A New Path for Adult Protective Services in Texas

A New Path for Adult Protective Services in Texas

October 22, 2013 | Kezeli Wold, Director of Field Operations for Adult Protective Services, Texas Department of Family and Protective Services

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A popular bumper sticker in the Lone Star State says, “I’m not from Texas, but I got here as fast as I could.” Although I am not a native Texan, my 25 years of residency here have led me to adopt the Texas truism that “Everything is bigger in Texas.” So when I was sitting at a conference in Buffalo, New York, listening to people from Wisconsin, Minnesota, and New Hampshire talk about adult protective services (APS) casework tools, I was filtering their presentation through a thick mesh of big-state, big-program bias.

A popular bumper sticker in the Lone Star State says, “I’m not from Texas, but I got here as fast as I could.” Although I am not a native Texan, my 25 years of residency here have led me to adopt the Texas truism that “Everything is bigger in Texas.” So when I was sitting at a conference in Buffalo, New York, listening to people from Wisconsin, Minnesota, and New Hampshire talk about adult protective services (APS) casework tools, I was filtering their presentation through a thick mesh of big-state, big-program bias. Fortunately, my boss—a native Texan, I might add—was sitting next to me, and she had her blinders off.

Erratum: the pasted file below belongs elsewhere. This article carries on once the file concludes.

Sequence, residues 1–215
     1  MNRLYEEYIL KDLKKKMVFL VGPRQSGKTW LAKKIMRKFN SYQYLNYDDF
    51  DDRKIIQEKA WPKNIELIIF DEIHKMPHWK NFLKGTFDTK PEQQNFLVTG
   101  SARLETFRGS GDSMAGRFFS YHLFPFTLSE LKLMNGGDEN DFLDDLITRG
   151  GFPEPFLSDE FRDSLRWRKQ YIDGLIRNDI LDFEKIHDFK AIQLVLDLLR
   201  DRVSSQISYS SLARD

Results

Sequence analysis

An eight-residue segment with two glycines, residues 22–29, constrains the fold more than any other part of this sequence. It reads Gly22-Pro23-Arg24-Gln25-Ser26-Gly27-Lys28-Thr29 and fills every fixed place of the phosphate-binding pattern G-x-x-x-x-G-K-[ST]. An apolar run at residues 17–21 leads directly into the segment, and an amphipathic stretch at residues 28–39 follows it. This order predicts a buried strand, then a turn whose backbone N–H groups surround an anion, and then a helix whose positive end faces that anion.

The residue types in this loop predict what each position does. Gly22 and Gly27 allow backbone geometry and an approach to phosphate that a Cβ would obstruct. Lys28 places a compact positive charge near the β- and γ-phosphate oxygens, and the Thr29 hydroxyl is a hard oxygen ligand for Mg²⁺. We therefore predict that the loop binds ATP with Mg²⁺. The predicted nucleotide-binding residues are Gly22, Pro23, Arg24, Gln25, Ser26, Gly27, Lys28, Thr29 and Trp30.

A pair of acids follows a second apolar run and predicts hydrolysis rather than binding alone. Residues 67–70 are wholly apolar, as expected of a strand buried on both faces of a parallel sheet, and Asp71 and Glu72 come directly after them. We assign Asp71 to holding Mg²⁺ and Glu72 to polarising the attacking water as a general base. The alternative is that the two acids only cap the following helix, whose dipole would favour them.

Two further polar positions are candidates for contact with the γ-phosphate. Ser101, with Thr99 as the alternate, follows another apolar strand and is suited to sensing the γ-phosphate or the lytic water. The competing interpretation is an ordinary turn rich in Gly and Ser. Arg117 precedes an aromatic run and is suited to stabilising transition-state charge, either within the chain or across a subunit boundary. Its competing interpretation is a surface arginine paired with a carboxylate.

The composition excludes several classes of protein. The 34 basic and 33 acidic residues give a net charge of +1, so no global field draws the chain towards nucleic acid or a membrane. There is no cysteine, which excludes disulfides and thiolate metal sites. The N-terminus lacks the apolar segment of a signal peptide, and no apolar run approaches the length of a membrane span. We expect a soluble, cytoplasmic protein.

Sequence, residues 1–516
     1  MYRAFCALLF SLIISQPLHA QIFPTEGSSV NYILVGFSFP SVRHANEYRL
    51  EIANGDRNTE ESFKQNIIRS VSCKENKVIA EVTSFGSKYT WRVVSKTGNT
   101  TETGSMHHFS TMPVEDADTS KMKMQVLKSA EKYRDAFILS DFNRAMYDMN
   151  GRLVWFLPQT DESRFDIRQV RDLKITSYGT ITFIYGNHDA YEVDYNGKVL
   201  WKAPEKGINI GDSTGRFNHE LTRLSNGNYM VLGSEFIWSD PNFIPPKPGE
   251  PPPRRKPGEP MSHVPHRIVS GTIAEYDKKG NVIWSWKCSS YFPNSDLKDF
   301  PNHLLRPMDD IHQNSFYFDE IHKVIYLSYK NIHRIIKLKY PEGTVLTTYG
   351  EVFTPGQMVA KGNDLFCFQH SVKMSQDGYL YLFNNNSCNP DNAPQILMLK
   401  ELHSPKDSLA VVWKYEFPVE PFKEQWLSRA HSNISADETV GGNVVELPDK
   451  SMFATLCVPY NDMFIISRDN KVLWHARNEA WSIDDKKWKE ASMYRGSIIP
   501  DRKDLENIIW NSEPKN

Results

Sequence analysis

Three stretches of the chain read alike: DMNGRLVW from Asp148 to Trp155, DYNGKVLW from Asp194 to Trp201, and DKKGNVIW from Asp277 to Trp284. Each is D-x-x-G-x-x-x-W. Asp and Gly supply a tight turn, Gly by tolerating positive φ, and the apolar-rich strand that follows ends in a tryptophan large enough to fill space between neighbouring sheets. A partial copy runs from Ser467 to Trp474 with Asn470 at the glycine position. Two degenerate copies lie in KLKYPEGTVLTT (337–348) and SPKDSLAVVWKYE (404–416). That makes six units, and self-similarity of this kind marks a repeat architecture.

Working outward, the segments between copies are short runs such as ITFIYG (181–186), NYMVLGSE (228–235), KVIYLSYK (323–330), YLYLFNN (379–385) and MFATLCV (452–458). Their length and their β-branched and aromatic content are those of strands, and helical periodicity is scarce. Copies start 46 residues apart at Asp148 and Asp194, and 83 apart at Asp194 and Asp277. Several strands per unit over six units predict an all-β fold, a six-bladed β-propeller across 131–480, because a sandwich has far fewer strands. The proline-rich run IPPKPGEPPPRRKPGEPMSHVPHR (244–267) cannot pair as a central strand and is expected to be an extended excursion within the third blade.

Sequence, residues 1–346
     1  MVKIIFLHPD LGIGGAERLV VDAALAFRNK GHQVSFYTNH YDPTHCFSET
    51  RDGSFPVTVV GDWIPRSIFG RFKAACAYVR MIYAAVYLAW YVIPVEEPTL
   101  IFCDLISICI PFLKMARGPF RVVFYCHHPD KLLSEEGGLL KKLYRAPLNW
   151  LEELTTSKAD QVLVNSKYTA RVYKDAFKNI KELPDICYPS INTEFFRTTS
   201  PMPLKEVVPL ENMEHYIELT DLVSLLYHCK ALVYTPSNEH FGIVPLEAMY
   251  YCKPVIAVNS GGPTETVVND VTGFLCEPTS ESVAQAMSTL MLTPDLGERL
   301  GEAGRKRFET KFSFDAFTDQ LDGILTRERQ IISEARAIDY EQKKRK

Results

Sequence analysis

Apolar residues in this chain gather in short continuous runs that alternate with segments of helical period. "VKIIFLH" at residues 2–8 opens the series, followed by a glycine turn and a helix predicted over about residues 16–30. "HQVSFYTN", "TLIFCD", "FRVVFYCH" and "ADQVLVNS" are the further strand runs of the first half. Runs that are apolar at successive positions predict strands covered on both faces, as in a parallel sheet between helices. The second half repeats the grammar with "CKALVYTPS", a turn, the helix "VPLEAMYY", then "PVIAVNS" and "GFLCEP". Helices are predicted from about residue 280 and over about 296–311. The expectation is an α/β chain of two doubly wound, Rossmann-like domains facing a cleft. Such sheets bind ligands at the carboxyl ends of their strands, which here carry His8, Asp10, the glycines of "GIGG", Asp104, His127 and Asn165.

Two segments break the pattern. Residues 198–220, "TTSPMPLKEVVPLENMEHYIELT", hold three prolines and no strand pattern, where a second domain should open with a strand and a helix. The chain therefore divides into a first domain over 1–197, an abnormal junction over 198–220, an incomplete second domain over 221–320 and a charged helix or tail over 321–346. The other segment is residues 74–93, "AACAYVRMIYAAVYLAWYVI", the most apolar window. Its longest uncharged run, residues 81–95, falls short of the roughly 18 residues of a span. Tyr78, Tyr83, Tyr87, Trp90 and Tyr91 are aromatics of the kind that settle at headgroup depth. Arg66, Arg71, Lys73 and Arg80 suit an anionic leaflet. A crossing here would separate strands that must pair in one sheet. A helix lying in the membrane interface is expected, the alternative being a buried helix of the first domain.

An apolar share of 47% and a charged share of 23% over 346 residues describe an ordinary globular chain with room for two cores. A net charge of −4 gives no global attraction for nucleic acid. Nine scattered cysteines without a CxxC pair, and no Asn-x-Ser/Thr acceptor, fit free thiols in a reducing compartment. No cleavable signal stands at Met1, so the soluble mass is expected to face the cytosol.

A year and a half later, we had ourselves a project manager, a contract with the National Council on Crime and Delinquency (NCCD), and a workgroup of employees from across the state working diligently to develop a new APS practice model for Texas. Although we continued to remind the folks from “up north” that “Texas ain’t New Hampshire,” it became increasingly clear that these people both knew what they were talking about and had something valuable to offer us. 

We do great APS work in Texas. Yet, despite our cool technology, a mobile workforce, a robust data system, and a lot of really dedicated people working hard to “protect the unprotected,” plenty of room exists for improvement. Traditionally, we have relied on the knowledge, expertise, and gut instincts of our caseworkers and supervisors to deliver effective services. Today, however, we are dealing with a changing workforce; we are hiring people with less life experience who are less likely to make APS a career. It typically takes a year or two to be become a proficient APS worker; we are fortunate if we can keep our employees for three or four years. That said, we owe it to our less tenured workforce to provide them with the tools to support their decisions, while continuing to empower decision making at the caseworker and supervisorial level. The Structured Decision Making® (SDM) model makes complete sense for our environment.